Author Topic: Table top neutrino detector possible?  (Read 3592 times)

Offline Stormbringer

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Table top neutrino detector possible?
« on: 11/10/2016 02:43 AM »
http://phys.org/news/2016-11-solar-physicists-easier-peculiar-particles.html

if this is real then (eventually) why not a high resolution neutrino "camera?" one that would have applications for studying the interiors of planets and stars or used for nuclear treaty verification or targeting a nuke in flight even? i know the neutrino environment is the one with the most noise possible but there could be processing techniques that could filter out all the noise. what if the advancement of technology eventually yields a micro or nano scale detector?
« Last Edit: 11/10/2016 02:44 AM by Stormbringer »
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Online eeergo

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Re: Table top neutrino detector possible?
« Reply #1 on: 11/10/2016 04:42 AM »
So this paper is a follow up of this one: https://arxiv.org/pdf/1511.08770v1.pdf, claiming the magnetic field-driven Non-Standard Interaction resonant spin flavor transition is causing neutrino modulation in the Sun *and*, additionally, that they have detected an unknown phenomenon by which beta decays are influenced by these modulated neutrinos with a cross section 10^25 times larger than known nuclear weak interactions.

They are Stanford and Purdue, but these are two BOLD claims, that should require extraordinary evidence.

They claim, in the linked paper about the hypothesized unknown capture interaction, that 1pg of 32Si would have a 8B neutrino capture rate of 200 times SK. This means 1 g of 32Si would be seeing 10^10 counts / s. Hence, assuming a regular-silicon 2.32 g/cm^3 density, a 1 gram 32Si slab with a cross section of 1 cm^2 and a thickness of 0.42 cm would be stopping ALL solar neutrinos it encounters with room to spare.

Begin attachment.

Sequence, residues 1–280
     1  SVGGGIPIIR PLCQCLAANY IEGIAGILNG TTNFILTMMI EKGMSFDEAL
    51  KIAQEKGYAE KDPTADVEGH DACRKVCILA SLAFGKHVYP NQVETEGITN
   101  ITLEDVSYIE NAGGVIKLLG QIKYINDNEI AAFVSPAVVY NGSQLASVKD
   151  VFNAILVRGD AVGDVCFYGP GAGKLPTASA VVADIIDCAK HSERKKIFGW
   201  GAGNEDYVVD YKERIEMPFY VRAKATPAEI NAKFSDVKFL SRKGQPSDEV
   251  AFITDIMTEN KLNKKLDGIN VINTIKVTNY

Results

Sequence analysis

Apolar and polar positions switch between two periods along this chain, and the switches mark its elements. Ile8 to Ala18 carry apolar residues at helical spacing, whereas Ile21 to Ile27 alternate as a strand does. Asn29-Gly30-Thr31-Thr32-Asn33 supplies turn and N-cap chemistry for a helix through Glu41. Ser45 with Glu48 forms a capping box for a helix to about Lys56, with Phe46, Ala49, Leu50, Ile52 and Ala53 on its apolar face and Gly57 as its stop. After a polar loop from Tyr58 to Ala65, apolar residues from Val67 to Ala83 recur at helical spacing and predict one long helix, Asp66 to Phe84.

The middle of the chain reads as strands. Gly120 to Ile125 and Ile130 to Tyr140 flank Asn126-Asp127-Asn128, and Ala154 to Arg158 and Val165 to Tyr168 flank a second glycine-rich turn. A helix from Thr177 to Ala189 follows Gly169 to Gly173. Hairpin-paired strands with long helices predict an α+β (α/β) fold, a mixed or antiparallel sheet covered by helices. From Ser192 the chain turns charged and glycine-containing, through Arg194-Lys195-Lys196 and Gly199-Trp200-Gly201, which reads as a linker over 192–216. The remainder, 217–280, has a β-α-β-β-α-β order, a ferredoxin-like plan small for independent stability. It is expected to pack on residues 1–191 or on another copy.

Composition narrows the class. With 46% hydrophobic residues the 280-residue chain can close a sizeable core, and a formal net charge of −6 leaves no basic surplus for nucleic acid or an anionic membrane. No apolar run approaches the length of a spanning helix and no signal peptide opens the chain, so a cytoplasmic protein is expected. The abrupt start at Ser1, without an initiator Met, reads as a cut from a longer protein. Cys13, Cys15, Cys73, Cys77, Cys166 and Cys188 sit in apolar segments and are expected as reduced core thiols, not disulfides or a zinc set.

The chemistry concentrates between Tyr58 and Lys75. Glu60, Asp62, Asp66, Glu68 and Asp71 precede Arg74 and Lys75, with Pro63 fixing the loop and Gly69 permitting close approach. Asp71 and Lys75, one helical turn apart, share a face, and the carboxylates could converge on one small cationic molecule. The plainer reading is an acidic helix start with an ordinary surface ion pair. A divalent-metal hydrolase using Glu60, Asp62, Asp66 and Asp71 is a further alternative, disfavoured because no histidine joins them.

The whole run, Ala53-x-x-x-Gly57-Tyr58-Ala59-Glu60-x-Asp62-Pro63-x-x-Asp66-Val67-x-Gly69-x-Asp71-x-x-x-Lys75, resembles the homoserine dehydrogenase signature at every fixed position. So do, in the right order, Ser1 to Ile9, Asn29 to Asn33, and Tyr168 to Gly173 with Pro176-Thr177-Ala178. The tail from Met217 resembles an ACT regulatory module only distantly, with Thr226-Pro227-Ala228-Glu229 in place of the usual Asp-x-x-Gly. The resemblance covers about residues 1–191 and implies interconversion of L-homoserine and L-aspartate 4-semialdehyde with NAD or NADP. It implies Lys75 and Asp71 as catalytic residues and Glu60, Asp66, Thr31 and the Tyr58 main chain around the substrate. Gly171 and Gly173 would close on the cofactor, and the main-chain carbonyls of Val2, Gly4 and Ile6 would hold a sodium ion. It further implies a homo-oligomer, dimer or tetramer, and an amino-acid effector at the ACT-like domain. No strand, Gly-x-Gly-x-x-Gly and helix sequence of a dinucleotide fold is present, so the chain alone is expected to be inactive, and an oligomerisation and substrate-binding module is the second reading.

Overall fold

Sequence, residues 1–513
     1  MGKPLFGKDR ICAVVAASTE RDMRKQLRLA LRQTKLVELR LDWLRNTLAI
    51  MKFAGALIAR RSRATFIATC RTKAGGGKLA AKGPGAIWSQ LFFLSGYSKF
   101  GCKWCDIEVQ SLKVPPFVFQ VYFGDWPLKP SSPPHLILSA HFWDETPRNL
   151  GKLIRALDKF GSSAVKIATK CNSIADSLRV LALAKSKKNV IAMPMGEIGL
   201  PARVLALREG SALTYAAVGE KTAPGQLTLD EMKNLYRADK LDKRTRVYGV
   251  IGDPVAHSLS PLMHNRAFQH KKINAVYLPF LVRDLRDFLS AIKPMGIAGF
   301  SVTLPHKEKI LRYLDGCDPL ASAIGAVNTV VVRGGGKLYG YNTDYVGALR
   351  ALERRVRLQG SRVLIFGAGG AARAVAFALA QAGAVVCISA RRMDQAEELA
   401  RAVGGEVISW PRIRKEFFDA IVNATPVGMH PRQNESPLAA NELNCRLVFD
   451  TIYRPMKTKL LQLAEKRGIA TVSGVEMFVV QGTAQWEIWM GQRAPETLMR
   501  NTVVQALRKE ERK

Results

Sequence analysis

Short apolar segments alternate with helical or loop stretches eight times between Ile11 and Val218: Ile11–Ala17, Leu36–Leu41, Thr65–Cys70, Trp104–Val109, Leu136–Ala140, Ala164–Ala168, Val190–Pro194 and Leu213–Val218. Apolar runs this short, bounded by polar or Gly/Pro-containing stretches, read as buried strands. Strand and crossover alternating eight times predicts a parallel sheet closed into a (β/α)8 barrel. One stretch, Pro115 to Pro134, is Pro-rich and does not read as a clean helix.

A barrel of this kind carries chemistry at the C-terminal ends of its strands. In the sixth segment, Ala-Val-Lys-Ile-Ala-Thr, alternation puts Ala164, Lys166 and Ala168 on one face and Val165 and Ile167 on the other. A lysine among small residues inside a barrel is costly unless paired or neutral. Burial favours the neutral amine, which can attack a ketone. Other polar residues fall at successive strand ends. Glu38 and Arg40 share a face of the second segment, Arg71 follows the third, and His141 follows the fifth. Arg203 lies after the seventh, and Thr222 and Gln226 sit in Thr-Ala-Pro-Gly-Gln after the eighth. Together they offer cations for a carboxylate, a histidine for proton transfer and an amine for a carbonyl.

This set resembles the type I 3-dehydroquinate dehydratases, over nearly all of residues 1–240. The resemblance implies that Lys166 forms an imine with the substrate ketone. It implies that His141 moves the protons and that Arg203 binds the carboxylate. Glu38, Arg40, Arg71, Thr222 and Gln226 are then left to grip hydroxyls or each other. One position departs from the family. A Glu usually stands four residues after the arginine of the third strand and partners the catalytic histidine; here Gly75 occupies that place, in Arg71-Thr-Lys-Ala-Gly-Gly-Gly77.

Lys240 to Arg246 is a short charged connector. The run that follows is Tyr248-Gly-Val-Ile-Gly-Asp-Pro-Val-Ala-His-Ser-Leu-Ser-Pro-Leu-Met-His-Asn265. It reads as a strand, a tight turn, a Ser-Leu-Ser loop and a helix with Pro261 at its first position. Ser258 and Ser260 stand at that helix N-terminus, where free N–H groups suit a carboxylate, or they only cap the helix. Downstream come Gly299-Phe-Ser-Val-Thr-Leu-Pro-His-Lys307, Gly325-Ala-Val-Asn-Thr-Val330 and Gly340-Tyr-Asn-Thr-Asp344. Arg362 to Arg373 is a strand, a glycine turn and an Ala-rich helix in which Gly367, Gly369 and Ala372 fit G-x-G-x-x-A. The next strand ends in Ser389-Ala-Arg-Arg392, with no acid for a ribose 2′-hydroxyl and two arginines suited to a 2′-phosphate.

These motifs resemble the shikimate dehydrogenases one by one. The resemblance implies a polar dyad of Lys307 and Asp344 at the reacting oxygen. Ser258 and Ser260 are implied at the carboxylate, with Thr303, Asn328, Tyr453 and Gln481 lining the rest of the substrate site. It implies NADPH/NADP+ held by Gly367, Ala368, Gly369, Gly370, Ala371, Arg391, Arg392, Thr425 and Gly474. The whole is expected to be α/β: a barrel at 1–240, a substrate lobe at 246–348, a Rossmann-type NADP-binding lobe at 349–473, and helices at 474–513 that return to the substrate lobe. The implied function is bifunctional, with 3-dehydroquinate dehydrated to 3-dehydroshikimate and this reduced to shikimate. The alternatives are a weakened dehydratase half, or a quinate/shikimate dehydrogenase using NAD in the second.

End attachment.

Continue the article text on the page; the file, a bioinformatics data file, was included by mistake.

Unless I'm missing something, this claim screams for careful systematic error check.
-DaviD-

Online Bynaus

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Re: Table top neutrino detector possible?
« Reply #2 on: 11/10/2016 06:10 AM »
Be aware that these claims of variable decay rates have been around for a long time. The Purdue group has found them most consistently, but many others have not, sometimes even at higher precisions. See for example this work by Kossert & Nähle. So this paper discusses an "application" of an effect before demonstrating its existance...

Offline rdheld

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Re: Table top neutrino detector possible?
« Reply #3 on: 11/10/2016 11:34 AM »
will want to see several experiments done before I believe it.

Offline momerathe

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Re: Table top neutrino detector possible?
« Reply #4 on: 11/10/2016 03:40 PM »
To make a camera you need a lens/pinhole/whatever - some way of detecting variations in intensity in different directions. That'd need a whole other discovery. You could use it to detect nuclear reactors by simple proximity, though. Maybe by satellite, even. If the effect is real.

But yeah, what the others said.
thermodynamics will get you in the end

Offline Stormbringer

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Re: Table top neutrino detector possible?
« Reply #5 on: 11/10/2016 04:14 PM »
To make a camera you need a lens/pinhole/whatever - some way of detecting variations in intensity in different directions. That'd need a whole other discovery. You could use it to detect nuclear reactors by simple proximity, though. Maybe by satellite, even. If the effect is real.

But yeah, what the others said.
yeah, i know. the thing is if the article is true assuming the secondary effects of neutrino reactions were real then wouldn't a pinhole be enabled since you don't have to screen the neutrino flux directionally directly? you'd only need to screen the products of the decay?

otherwise perhaps there is a way to make the size and spacing of the particles the neutrinos must directly collide with in order to be detected in the normal way in present state of the art detectors appear much larger than they are.